Op-Ed | A new stage of the COVID-19 pandemic

free COVID tests
People walk past a COVID-19 testing sign during the coronavirus disease (COVID-19) pandemic in the Manhattan borough of New York City, New York, U.S., January 20, 2022.
REUTERS/Carlo Allegri

Throughout the COVID-19 pandemic, New Yorkers have stepped up time and time again to protect each other. Today, over 6 million New Yorkers are fully vaccinated, over 3 million are boosted, and we have more tools than ever before to take on the virus.

As the City’s doctor, I want to be clear with New Yorkers every step of the way as the pandemic continues to unfold. We are in a new stage of the pandemic, and our strategy to protect our city from COVID-19 is evolving. Currently, we are seeing a rise in cases across all five boroughs. Over the past week, the citywide 7-day average percent positivity has also increased. As a result, our Alert Level is now yellow, which means there is a medium community spread of COVID-19.

New Yorkers should take greater caution now, especially those most at risk for serious disease. We have more work to do, specifically around promoting vaccinations, treatments, and mental health supports.

First, vaccination remains vital. Having millions of New Yorkers fully vaccinated built up our defense ahead of the omicron wave. Boosters help keep COVID-19 immunity up to date. The data prove it: According to the CDC, the vaccine’s effectiveness against hospitalization dropped to 57% in people who had a second dose more than six months before Omicron, but after the booster, it went back up dramatically to 90%. All eligible New Yorkers should get their booster as soon as they are eligible, and for many, that time is right now.

The City is working to get more New Yorkers boosted. Boosters are especially important for those at high risk of severe outcomes and those 65 and older, of which only 55% have received their booster or additional dose. For an appointment or to ask any questions, call 212-COVID-19 or visit nyc.gov/vaccinefinder.

Second, we now have two effective treatments for COVID-19—antiviral pills and monoclonal antibodies. The FDA has authorized two antiviral pills to treat COVID-19: Paxlovid and Lagevrio (molnupiravir). The pills are taken daily for five days to stop the virus from spreading and prevent symptoms from getting worse. Monoclonal antibody treatments—such as bebtelovimab—are a one-time intravenous treatment that builds up antibodies to fight the virus. There is also a monoclonal antibody, Evusheld, that can help protect someone from getting COVID-19 if they have a weakened immune system or are unable to be vaccinated.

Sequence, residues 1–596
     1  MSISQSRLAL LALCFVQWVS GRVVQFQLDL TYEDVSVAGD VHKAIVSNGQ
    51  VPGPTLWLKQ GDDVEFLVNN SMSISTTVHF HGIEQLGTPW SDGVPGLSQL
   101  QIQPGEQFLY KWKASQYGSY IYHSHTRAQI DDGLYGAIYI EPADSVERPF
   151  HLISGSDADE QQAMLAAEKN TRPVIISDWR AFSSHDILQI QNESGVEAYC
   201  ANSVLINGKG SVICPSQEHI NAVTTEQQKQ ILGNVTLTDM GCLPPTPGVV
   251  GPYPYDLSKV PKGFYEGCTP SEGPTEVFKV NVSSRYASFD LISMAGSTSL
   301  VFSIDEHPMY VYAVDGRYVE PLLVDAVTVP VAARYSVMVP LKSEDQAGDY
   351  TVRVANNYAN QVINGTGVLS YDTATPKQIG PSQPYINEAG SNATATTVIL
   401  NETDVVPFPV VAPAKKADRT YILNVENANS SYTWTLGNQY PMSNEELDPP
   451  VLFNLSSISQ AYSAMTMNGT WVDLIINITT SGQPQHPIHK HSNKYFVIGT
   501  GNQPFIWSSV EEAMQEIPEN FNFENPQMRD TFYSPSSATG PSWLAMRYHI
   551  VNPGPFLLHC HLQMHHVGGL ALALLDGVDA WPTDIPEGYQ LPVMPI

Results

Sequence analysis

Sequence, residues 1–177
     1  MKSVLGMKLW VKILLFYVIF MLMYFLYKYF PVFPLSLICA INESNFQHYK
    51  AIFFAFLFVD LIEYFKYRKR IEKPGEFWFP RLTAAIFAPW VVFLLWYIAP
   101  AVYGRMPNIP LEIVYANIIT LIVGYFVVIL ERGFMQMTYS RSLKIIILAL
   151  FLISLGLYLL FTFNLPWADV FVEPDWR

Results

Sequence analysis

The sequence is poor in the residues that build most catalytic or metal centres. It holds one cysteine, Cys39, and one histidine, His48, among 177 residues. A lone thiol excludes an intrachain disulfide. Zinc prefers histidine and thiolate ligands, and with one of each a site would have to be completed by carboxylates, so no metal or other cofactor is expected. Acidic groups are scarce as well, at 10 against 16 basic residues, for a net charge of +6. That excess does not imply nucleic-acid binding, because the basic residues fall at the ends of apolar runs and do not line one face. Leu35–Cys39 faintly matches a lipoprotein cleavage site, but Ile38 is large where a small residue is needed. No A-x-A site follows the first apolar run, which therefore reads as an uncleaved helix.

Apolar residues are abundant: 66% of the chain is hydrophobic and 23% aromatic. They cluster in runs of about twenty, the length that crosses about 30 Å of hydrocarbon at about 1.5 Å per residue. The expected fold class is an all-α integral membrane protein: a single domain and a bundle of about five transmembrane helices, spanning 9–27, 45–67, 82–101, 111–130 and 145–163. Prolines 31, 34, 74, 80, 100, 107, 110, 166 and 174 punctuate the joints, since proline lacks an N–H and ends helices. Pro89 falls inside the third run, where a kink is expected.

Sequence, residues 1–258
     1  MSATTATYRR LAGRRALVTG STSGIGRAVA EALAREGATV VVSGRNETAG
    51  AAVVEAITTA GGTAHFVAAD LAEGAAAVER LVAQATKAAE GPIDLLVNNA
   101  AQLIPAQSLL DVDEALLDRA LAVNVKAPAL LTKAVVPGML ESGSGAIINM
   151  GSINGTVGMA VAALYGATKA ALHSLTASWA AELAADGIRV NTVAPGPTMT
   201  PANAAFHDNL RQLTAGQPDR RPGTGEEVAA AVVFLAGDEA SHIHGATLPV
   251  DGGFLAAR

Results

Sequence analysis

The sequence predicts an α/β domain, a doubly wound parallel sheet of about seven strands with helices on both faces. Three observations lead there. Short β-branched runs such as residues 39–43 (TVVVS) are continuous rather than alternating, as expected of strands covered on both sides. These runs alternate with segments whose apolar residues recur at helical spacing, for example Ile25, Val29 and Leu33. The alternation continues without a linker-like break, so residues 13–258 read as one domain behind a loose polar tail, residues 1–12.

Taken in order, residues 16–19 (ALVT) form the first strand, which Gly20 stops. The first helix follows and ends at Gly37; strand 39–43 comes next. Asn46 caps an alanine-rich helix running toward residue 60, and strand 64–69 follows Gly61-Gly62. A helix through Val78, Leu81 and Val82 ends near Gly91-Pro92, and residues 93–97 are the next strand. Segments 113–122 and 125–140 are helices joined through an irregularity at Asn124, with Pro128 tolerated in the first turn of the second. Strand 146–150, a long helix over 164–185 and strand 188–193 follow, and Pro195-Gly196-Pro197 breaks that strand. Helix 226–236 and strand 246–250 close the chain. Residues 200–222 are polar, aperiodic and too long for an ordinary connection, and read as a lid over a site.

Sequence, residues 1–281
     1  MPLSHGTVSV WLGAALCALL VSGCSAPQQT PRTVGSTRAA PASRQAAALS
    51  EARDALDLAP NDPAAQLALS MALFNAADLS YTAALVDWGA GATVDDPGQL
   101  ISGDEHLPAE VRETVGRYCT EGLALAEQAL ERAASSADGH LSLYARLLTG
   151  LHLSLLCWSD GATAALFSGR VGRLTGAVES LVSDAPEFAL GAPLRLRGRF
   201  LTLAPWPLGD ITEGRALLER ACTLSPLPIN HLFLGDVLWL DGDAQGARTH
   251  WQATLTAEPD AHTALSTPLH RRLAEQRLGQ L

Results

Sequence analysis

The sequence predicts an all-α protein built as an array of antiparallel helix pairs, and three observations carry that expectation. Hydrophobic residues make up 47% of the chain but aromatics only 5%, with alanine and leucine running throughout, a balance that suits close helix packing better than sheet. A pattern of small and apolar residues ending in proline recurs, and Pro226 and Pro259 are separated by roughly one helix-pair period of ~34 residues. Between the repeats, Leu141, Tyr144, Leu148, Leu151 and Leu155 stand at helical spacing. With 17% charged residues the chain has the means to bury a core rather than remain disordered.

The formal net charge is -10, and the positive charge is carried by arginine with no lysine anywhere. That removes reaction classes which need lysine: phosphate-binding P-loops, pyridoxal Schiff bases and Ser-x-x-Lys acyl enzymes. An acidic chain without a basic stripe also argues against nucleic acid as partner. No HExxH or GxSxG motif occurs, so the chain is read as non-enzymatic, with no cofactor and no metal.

New Yorkers with mild to moderate symptoms should take advantage of these treatments, because they will prevent severe illness and hospitalization. Anyone who tests positive for COVID-19 can contact their doctor or call 212-COVID19 to be connected to care and discuss treatment options. Antiviral treatments are free and available for same-day delivery through the Health Department programs.

Lastly, as we continue to fight COVID-10, we must pay attention to our mental health. New Yorkers have experienced collective pain and trauma over the past two years. According to our most recent data, 25% of adult New Yorkers have symptoms of anxiety, and 18% have depression.

There are resources for anyone who needs support. New Yorkers can call NYC Well at 888-NYC-WELL or text “WELL” to 65173 to be connected to a mental health counselor 24/7. I also urge New Yorkers to reach out to someone in your life today to check in and share a few words of kindness and support.

As we move forward to the next phase of the pandemic, remember that we are in this together. We continue to strongly recommend that everyone wear a mask in public indoor settings. Get vaccinated, get tested, and seek care if you are ill. The choices you make to protect yourself from COVID-19 are not just for you—they will impact on someone else in your community. All of us have more tools than ever to keep our city safe, including the care we have for each other, whatever comes our way.

Dr. Vasan is New York City’s Health Commissioner